An American aircraft designer, Glen Curtiss, had already built a machine to attempt the first trans-atlantic flight, when the outbreak of World War One forced him to cancel his plans. But wartime needs greatly assisted the design and development of long-range aircraft, and several of the record flights in the post war years were made in military-designed planes.
Charles Lindbergh 1902 – 1974
While growing up on a farm near the small midwestern town of Twin Falls, Minnesota, Lindbergh was fascinated by speed. “Lucky Lindy” became a hero overnight when on May 20-21 1927 he flew from Roosevelt Field, Long Island in America, to Le Bourget airfield near Paris, the first solo-flight non-stop across the Atlantic.
Fascinated by flying, Lindbergh had left university to go to pilot’s school and then took part in flying circuses across America. The Spirit of St. Louis, his plane for the Atlantic flight, was a specially built Ryan monoplane made in San Diego, California.
After 1936 he was especially important in warning the United States of the rise of Nazi air power, and helped with the war effort in the 1940s by serving as a consultant to the government and aviation industry.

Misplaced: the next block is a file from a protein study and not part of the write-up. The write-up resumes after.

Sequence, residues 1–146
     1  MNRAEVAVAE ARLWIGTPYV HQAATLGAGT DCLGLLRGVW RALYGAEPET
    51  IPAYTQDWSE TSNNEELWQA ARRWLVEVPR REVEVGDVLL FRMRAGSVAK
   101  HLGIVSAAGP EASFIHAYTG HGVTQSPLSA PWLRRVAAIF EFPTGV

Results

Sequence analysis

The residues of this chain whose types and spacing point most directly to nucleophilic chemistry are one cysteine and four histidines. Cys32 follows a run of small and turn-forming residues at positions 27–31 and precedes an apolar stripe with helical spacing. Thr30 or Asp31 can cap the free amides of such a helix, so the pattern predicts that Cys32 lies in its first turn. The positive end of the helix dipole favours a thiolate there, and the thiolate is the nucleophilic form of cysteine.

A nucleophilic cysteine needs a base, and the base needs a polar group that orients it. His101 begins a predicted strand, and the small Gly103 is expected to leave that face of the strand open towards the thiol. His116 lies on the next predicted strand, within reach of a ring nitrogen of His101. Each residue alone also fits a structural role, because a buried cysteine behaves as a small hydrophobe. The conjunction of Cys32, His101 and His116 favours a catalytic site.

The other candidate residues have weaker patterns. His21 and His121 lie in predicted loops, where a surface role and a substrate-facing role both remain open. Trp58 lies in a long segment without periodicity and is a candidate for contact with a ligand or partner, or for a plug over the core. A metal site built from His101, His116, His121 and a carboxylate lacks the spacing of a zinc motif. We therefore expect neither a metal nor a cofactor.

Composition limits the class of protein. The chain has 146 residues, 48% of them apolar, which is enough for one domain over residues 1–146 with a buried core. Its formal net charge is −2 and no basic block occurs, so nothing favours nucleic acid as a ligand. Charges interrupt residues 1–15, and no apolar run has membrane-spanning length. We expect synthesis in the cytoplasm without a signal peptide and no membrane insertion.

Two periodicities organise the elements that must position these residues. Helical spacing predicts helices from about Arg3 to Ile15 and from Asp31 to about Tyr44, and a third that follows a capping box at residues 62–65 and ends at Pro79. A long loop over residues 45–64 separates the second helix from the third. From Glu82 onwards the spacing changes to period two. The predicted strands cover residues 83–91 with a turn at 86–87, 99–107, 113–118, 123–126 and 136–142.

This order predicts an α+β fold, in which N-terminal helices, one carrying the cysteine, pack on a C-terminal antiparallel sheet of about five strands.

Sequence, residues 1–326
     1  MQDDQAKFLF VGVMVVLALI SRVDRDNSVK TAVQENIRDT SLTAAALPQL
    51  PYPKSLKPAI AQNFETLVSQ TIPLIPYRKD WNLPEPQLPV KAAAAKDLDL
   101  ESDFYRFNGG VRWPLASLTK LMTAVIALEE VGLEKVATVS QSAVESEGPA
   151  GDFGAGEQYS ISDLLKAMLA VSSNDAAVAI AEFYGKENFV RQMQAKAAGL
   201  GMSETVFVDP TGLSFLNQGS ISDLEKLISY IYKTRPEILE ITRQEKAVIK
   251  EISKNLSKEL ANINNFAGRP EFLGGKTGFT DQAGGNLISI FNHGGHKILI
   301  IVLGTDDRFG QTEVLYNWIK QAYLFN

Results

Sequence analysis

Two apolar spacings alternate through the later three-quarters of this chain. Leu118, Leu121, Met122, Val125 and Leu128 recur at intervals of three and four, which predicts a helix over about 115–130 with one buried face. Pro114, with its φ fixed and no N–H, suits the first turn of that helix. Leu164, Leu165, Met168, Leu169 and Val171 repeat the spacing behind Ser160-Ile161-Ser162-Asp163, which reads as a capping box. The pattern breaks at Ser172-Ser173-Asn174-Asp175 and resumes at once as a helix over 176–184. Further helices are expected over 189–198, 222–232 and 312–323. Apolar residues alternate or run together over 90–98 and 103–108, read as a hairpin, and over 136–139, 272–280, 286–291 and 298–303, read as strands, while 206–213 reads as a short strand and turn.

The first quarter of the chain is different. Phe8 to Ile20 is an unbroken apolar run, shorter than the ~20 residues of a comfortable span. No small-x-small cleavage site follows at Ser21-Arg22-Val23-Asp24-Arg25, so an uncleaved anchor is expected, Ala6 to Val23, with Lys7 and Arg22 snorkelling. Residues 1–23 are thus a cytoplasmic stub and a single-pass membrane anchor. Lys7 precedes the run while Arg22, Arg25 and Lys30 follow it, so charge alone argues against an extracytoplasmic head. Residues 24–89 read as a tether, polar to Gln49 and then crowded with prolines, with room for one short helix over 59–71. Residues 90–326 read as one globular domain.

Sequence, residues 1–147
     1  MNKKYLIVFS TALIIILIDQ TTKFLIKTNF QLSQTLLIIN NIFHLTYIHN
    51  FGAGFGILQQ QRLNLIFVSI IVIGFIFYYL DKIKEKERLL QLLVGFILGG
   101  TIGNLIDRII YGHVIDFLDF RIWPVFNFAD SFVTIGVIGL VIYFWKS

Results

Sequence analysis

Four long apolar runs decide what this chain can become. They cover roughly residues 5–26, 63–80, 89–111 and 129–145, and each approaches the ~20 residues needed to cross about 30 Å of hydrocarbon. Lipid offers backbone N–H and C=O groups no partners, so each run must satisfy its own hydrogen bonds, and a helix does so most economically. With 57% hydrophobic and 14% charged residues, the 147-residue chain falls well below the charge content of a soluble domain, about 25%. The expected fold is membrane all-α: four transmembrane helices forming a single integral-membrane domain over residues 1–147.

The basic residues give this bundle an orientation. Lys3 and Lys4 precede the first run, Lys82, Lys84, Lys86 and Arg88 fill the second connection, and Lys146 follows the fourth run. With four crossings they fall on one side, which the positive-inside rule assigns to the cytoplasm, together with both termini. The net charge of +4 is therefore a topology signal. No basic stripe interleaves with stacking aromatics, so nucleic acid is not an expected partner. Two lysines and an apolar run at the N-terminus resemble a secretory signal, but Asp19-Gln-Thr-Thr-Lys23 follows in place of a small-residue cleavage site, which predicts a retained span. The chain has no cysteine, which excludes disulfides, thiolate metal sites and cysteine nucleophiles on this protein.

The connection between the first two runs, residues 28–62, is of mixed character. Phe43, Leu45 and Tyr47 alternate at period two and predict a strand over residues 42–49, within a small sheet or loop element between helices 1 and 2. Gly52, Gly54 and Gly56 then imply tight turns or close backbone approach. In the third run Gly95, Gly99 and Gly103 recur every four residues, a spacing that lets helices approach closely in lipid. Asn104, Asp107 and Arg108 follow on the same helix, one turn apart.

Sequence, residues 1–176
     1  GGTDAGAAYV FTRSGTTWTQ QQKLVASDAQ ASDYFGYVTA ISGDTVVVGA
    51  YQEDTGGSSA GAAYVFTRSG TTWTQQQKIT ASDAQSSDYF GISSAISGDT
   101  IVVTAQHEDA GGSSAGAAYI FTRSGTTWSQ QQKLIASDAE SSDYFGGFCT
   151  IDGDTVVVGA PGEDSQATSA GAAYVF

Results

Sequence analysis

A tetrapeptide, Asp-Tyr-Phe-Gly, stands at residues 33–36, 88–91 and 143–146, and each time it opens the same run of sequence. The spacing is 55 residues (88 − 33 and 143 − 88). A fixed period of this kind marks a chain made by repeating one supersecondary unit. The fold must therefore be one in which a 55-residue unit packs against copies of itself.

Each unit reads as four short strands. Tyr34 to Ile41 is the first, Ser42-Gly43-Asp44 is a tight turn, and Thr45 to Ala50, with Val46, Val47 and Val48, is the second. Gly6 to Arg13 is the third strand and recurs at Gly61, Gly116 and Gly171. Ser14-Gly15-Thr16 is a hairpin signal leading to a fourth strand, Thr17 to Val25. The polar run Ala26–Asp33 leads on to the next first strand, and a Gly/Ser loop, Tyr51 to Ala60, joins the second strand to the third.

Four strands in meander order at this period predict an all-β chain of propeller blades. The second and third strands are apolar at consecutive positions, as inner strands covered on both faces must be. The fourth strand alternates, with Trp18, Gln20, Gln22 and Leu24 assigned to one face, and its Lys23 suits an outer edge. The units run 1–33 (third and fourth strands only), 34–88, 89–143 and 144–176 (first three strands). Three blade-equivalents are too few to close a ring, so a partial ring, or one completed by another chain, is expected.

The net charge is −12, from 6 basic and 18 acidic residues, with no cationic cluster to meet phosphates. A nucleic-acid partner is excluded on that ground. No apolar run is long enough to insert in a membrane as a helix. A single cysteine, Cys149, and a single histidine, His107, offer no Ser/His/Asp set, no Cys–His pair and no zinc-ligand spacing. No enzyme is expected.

Amy Johnson 1903 – 1941
Amy Johnson, the first woman to obtain the Air Ministry’s Ground Engineer’s licence, had only completed flights from London to Hull when on May 5 1930 she set out to fly solo to Australia in a Gipsy Moth Jason. She reached Karachi in the record time of six days, and Darwin in Northern Australia on May 24. Returning home in triumph she received a prize of £10,000 from the Daily Mail. Later she completed record flights across Siberia (1931) and to Cape Town (1933).
The outbreak of war in 1939 meant Amy could became a pilot in the women’s section of the Air Transport Auxiliary, flying machines and men to wherever they were needed. Tragically, however, on 5th January 1941, she drowned when the plane she was flying crashed into the Thames Estuary during rough weather. Intrepid and cool-headed, she was one of the greatest long-distance fliers.
Aircraft also played a role in pure exploration, particularly in polar regions. The most famous polar aviator was Richard Evelyn Byrd (1888 – 1957) a United States Navy pilot who on May 8-9 1926 flew over the North Pole. Three years later he went with a large well-equipped expedition to the Antarctic to establish the base he called Little America. From there, on a flight lasting almost sixteen hours, he flew over the South Pole, circling it on the morning of November 29th in a Ford tri-motor plane.
Both Amy Johnson and Charles Lindbergh were able to achieve their dreams by reaching for the skies and will be remembered as the greatest of long-distance fliers.
- Alef, D (2008) Charles Lindbergh: The Lone Eagle. Titans of Fortune Publishing
- Luff, D (2002) Amy Johnson: Enigma in the Sky. The Crowood Press Ltd